Afro-Latin American folkloric dances have always served as artful protest. Between the 15th and 19th centuries, enslaved Africans often communicated with one another through the arts, singing and dancing about freedom and rebellion. Now, their Afro-Latinx descendants nurture and preserve the legacy of their artistry, revitalizing ancestral styles like punta, festejo, bomba, and rumba, and, in some cases, mixing in their own personal touches. Rooted in resistance, each style is still characterized by percussion, movement, and liberation. After all, Black Latinxs are still navigating anti-Blackness, systemic racism, police violence, and erasure within their own communities.
Today, Afro-centric folkloric dances offer an escape, a release, and an avenue for connection and healing. Like their ancestors, contemporary dancers use movement as a bold, unapologetic way to fight back; with every step or sway, they refuse to be stamped out and forgotten. While these bodily languages may be spoken differently by Afro-Latinx dancers based on their region in Latin America, they’re soulfully tied. Afro-centric dance is an instrument, a lifestyle, a space for rebellion, and it’s a portal to self-empowerment. Here’s how Black Latinas are preserving their culture, seeking liberation, and finding healing through folkloric dance.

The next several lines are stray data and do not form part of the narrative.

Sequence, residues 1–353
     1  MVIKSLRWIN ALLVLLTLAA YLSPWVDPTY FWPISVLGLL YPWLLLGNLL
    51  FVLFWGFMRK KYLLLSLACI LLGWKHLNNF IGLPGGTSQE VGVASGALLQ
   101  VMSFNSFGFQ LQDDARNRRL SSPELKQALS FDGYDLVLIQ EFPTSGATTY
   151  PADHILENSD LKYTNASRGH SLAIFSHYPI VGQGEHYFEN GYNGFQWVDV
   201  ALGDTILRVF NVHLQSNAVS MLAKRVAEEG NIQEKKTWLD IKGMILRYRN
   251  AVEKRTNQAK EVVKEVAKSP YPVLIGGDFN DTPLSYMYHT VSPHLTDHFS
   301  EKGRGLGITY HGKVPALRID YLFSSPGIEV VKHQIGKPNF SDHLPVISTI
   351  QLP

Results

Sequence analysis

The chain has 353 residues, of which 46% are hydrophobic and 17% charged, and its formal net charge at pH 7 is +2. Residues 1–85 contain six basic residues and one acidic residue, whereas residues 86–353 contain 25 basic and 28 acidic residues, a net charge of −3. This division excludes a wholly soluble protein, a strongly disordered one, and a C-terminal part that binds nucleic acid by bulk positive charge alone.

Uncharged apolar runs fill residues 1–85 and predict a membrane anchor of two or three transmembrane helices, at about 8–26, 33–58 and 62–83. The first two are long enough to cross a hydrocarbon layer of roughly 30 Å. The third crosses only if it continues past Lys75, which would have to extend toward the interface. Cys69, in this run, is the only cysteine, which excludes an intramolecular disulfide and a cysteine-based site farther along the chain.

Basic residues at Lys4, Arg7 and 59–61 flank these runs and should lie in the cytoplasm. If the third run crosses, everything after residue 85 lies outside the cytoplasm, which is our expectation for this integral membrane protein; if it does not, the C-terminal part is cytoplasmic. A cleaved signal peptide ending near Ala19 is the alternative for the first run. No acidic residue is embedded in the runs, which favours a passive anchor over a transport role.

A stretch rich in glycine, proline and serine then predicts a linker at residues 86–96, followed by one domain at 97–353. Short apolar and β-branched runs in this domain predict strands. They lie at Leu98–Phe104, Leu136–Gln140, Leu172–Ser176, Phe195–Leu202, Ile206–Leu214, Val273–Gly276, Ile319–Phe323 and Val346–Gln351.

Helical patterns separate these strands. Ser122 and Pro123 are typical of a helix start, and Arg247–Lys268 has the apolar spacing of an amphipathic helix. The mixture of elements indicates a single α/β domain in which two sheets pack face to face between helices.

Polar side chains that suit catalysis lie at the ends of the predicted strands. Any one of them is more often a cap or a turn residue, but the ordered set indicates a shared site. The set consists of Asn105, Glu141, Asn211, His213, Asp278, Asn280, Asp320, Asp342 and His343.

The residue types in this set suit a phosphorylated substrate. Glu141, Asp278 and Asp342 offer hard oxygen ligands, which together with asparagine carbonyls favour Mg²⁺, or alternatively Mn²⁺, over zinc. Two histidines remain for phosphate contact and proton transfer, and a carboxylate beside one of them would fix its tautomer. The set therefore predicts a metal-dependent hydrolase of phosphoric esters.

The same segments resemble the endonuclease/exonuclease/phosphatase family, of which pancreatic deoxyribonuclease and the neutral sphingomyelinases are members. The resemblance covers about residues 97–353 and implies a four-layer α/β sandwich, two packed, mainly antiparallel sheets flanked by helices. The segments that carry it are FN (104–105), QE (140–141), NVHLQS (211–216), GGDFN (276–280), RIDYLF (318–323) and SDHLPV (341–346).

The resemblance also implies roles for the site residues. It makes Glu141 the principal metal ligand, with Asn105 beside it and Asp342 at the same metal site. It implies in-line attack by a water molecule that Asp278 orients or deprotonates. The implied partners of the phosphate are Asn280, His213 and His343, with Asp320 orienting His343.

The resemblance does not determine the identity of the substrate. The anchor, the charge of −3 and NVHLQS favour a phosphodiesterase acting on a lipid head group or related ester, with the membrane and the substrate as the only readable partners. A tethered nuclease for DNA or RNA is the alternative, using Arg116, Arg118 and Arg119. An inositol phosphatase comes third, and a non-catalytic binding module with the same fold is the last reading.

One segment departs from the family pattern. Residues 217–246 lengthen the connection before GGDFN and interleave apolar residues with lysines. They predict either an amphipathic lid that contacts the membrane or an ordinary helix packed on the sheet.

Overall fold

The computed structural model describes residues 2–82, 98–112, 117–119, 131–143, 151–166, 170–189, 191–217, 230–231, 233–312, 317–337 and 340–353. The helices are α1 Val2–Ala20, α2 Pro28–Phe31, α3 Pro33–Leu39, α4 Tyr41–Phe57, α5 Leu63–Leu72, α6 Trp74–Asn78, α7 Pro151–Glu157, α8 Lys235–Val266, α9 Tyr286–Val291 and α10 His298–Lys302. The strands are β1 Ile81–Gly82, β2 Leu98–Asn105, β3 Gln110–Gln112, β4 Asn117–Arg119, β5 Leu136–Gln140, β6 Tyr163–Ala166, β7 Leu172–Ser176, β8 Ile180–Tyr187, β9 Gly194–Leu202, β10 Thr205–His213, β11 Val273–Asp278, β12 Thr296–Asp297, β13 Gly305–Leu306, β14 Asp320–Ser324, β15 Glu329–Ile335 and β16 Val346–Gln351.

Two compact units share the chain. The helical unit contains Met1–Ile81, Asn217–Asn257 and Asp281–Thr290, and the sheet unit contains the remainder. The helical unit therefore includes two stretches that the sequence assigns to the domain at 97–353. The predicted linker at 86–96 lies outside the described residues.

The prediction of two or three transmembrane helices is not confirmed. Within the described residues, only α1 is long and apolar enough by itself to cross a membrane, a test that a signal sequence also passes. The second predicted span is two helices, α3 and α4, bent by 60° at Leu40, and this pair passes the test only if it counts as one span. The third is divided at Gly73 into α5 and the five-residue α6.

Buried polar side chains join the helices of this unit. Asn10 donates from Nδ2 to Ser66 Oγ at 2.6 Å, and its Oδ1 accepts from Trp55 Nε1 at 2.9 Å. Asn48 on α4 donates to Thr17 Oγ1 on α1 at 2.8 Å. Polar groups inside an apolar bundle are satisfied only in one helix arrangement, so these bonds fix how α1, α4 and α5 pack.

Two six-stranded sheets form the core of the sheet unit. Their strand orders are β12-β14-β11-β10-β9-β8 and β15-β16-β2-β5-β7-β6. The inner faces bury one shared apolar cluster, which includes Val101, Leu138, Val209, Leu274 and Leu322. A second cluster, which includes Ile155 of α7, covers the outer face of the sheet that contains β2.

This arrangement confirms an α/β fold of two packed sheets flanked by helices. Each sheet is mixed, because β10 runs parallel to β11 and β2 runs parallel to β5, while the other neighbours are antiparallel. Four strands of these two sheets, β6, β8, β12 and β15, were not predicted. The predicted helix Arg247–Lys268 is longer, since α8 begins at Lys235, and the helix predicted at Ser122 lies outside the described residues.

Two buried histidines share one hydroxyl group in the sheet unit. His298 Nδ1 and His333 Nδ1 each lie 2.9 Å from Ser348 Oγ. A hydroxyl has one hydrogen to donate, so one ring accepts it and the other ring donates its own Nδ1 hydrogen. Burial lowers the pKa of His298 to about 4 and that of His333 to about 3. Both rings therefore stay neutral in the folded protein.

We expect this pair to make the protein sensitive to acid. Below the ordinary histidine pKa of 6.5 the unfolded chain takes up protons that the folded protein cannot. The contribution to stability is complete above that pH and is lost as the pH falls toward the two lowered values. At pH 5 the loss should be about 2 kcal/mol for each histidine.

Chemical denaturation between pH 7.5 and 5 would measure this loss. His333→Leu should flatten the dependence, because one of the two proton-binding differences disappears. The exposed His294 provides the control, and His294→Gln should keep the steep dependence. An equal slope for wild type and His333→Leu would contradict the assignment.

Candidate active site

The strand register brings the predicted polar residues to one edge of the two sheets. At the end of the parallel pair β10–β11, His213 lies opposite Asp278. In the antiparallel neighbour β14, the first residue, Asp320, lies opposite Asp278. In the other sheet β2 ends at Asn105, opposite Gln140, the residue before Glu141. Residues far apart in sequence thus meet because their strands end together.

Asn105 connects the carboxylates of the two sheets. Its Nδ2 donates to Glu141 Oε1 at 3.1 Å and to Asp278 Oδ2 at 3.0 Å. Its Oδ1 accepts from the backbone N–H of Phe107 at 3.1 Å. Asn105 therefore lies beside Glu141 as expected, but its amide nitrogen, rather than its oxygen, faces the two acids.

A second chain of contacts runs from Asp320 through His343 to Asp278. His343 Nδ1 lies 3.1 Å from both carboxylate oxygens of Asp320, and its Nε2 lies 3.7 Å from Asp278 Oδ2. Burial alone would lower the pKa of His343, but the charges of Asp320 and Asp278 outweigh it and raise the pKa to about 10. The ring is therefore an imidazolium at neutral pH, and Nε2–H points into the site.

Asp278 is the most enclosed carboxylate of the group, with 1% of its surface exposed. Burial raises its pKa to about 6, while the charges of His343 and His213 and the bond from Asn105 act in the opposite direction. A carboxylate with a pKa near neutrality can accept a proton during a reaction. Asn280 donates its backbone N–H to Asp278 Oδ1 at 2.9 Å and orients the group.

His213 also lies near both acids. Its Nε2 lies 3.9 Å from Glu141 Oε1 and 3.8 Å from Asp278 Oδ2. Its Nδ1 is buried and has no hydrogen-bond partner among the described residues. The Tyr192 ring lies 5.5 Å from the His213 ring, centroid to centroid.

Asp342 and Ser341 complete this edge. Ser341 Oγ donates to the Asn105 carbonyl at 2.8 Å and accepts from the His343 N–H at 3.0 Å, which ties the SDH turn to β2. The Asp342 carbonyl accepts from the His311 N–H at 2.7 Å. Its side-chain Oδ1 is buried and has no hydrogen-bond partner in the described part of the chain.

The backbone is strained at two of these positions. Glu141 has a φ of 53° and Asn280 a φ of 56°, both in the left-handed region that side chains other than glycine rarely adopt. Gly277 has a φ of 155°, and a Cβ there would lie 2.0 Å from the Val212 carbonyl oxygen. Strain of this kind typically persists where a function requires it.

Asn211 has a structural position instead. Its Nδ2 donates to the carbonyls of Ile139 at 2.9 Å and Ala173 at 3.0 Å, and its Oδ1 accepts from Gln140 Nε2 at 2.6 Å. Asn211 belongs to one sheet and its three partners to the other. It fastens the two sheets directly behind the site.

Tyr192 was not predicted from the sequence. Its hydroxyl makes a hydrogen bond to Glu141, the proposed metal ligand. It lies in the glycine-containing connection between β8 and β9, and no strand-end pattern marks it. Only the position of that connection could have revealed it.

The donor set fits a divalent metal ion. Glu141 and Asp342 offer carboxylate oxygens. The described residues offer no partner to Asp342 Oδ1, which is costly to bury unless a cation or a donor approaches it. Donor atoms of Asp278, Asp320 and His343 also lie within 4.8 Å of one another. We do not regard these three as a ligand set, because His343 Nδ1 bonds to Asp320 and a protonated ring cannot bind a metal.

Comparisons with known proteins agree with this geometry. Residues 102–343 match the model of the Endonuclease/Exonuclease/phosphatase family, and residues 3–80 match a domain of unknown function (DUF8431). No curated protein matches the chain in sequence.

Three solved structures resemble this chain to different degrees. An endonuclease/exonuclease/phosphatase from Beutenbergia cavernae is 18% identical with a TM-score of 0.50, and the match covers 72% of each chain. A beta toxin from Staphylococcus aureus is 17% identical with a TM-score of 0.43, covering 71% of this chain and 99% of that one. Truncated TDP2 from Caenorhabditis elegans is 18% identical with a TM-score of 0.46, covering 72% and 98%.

Sheila Osorio, Bomba Dancer & Instructor, Afro-Puerto Rican
A full moon glistens over the crashing waves at Playa Puente Herrera in Loíza, Puerto Rico. Bare feet glide through the sand, as green, red, and white skirts lift, twirl, and flow around a bonfire; the women are dancing bomba, one of the archipelago’s oldest traditional dances. The dancers set the rhythm and the drummers follow—a seamless, captivating magic. Sheila Osorio, an Afro-Puerto Rican bomba dancer, leads a Noche Ancestral event, an ancestral night of dance and celebration of freedom, ancestry, and resilience.